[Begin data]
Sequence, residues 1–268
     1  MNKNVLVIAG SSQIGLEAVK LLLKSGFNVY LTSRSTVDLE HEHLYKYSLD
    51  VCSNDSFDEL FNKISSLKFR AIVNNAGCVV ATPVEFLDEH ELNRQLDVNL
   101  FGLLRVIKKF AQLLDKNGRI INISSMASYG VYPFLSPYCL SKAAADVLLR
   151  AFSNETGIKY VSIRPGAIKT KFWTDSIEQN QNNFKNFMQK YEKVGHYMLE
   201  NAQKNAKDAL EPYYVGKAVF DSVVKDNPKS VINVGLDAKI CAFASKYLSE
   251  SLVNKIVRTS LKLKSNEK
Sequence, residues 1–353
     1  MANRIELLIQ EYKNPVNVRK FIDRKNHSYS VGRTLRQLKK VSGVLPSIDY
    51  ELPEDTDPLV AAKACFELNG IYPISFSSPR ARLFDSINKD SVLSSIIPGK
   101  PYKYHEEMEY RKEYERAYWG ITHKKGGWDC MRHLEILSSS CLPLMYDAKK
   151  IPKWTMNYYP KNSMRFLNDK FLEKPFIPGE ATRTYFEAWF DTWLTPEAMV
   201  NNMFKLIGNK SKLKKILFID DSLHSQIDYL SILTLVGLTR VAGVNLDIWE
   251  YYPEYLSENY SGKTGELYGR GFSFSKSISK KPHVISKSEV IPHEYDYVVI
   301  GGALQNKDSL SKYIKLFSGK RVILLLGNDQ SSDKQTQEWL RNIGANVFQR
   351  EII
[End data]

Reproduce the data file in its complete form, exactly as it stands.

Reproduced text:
Sequence, residues 1–268
     1  MNKNVLVIAG SSQIGLEAVK LLLKSGFNVY LTSRSTVDLE HEHLYKYSLD
    51  VCSNDSFDEL FNKISSLKFR AIVNNAGCVV ATPVEFLDEH ELNRQLDVNL
   101  FGLLRVIKKF AQLLDKNGRI INISSMASYG VYPFLSPYCL SKAAADVLLR
   151  AFSNETGIKY VSIRPGAIKT KFWTDSIEQN QNNFKNFMQK YEKVGHYMLE
   201  NAQKNAKDAL EPYYVGKAVF DSVVKDNPKS VINVGLDAKI CAFASKYLSE
   251  SLVNKIVRTS LKLKSNEK
Sequence, residues 1–353
     1  MANRIELLIQ EYKNPVNVRK FIDRKNHSYS VGRTLRQLKK VSGVLPSIDY
    51  ELPEDTDPLV AAKACFELNG IYPISFSSPR ARLFDSINKD SVLSSIIPGK
   101  PYKYHEEMEY RKEYERAYWG ITHKKGGWDC MRHLEILSSS CLPLMYDAKK
   151  IPKWTMNYYP KNSMRFLNDK FLEKPFIPGE ATRTYFEAWF DTWLTPEAMV
   201  NNMFKLIGNK SKLKKILFID DSLHSQIDYL SILTLVGLTR VAGVNLDIWE
   251  YYPEYLSENY SGKTGELYGR GFSFSKSISK KPHVISKSEV IPHEYDYVVI
   301  GGALQNKDSL SKYIKLFSGK RVILLLGNDQ SSDKQTQEWL RNIGANVFQR
   351  EII